• Woody

The Sweet Stamp REVIEW

Updated: Feb 15



For months I have been looking forward to this moment. The moment I finally had the chance to purchase and actually use my Sweet Stamp. Honestly, it is a simple concept and is really just a stamp. However, the introduction of gorgeous fonts, the ease of use and the compatibility makes it a vital tool in every cake decorators kitchen.

Okay, so let’s begin at the choice of font. There are a few different styles you can go for including Stylish, Handwritten, Curly, and Elegant. I chose the Handwritten set. The curly set is a lovely font for events like Baby Showers etc. The Stylish, Handwritten and Elegant sets are actually quite similar, and would look great on any cake. However, I chose the Handwritten set because it was the most versatile set, that will add a pretty flair to any cake. I also loved the calligraphy style, and how it looked like you truly did just write onto the cake. It’s also advised to purchase the ‘Sticky Block’, and the brushes. I bought the ‘Sticky block’ but not the brushes (my biggest regret of Cake International). The ‘Sticky Block’ is essentially just the base of a stamp, that then sticks to the letters in whichever way you arrange them.


The use of them is fairly self explanatory, so requires little instructions or explanation. They also came in a significantly low amount of packaging, which stands out in a time when we are using too much plastic and producing too much waste. The letters come attached to a board and they just drop out when you open the shrink wrap (apart from a few which I teased out with my Dresden tool). Surprisingly, it is extremely difficult to determine which letter is which, when they aren’t in a word, due to the cursive style font. Therefore, make sure you keep the plastic they come in so you can refer back to each letter when needed.


So you’ve removed the letters and are ready to start decorating. I used them with Couture Fondant, simply because it’s my favourite to work with. They do not require any modelling paste or tylose to be added to the fondant, which also makes it quite cheap. I rolled out some fondant as if I was making a plaque, however you could use them straight onto the side/top of a cake or the cake drum.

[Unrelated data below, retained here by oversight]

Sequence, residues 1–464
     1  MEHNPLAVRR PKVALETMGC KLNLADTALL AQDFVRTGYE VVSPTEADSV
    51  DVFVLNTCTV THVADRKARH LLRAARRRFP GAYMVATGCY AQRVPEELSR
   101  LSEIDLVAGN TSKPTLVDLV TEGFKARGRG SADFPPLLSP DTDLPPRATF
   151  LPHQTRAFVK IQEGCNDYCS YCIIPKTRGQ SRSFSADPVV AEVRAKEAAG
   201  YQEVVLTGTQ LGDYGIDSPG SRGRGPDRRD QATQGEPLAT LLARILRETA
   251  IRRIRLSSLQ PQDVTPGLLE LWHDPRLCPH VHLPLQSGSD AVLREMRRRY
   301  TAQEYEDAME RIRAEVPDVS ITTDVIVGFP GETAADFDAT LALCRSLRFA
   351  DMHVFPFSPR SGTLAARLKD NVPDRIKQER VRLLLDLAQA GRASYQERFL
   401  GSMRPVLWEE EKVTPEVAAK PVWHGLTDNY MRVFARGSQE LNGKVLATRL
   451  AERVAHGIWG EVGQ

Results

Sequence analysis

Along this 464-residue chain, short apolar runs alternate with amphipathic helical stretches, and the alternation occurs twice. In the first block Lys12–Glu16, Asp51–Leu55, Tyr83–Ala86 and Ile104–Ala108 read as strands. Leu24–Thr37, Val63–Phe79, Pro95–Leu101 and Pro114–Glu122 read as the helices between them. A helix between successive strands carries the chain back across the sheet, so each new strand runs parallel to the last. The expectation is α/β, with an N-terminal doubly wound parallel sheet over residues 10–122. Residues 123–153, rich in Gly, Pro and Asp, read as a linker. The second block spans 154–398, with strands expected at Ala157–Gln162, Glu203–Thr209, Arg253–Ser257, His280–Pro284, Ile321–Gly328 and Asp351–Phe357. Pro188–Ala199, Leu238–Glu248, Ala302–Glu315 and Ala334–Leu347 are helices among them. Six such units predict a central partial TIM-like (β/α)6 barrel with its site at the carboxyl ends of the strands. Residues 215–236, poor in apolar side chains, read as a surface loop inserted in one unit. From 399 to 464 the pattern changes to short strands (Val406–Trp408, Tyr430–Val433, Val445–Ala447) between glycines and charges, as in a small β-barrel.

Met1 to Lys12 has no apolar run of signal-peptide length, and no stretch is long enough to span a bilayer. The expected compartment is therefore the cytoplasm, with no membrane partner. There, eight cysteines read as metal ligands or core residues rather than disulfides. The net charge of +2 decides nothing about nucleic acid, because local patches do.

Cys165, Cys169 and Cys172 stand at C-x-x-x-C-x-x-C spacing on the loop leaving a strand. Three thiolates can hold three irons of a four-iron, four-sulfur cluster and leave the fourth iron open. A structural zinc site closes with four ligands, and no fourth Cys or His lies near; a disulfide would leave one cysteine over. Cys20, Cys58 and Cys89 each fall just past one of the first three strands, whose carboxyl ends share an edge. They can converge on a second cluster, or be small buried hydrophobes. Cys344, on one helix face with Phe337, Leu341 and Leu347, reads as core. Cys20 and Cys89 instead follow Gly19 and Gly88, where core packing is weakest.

From my experience, I would advise arranging the the letters on a non slip material, like a chopping board or silicone mat. I arranged them straight into my table (I have a really slidy table) and this made it hard to stick them to the ‘sticky block’ without them moving. You don’t have to arrange the letters backwards etc. due to it working as a stamp and not a mirror image. Arrange the word(s) and place the sticky block on top allowing the letters to attach. However, I would say the only real problem with them is that you only get one of each letter in each set. This makes it more difficult to accurately arrange the letters in the way you would like, because you are missing some and have to go back and do them singularly. Although, this is doable, upon first try it was a little daunting. Obviously, you are more than able to purchase more than one of each set, however this could be very expensive.





Once your letters are attached to the sticky block, it’s time to stamp. I found this extremely scary, and didn’t really have any idea how hard I should press. In the end, after experimentation, I found out that you only want to press very lightly (and evenly) to create a very shallow crater. Originally, I pressed far too hard creating a quarry that was difficult to paint into cleanly. Remove the stamp after pressing and you have your word.



Next you need to paint it. I’d advise using quite an impressive colour, compared to a light colour. This is because you really want the writing to stand out. I used a Colour Splash Rose Gold powder mixed with vodka (or any other clear, high percentage alcohol). I learnt from experience that you want the paint quite thin. In the beginning I tried to paint it with a far thicker consistency, almost mimicking acrylic paints. This created a really messy, unprofessional finish that looked garbage. Therefore, I decided to treat it more like I was painting with water colours. Ever so lightly just paint the paint into each letter. I used a very fine brush, because although the lines are thick in places they can also get really thin, where using a thicker brush would cause you to go out of the lines.



And there you have your finished word/phrase. Overall, the Sweet Stamp is something I know I will use on cakes constantly. The simplicity is great, and it’s clear that it will be a very quick process to complete after a few practices. Although, at first it has a price tag that is slightly more expensive than other options, it gives you a far better finish, than other options including cutters and moulds.



I would also like to mention, although I haven’t seen this anywhere, to me it seems like it would work with sugar cookies. Obviously, I haven’t tried this, however I think that if you pressed it into a soft sugar cookie before baking it, the stamp will leave you with a template. With this template, you would then be able to use a it as a stencil when piping and flooding your sugar cookies with royal icing. If anyone has seen this, or gives it a go, please tell me how it goes!


Therefore, you definitely shouldn’t hesitate to purchase your Sweet Stamp. The versatility will ensure that this piece of equipment will be in constant use, and a vital component to your baking toolkit.


Talk later ✌️





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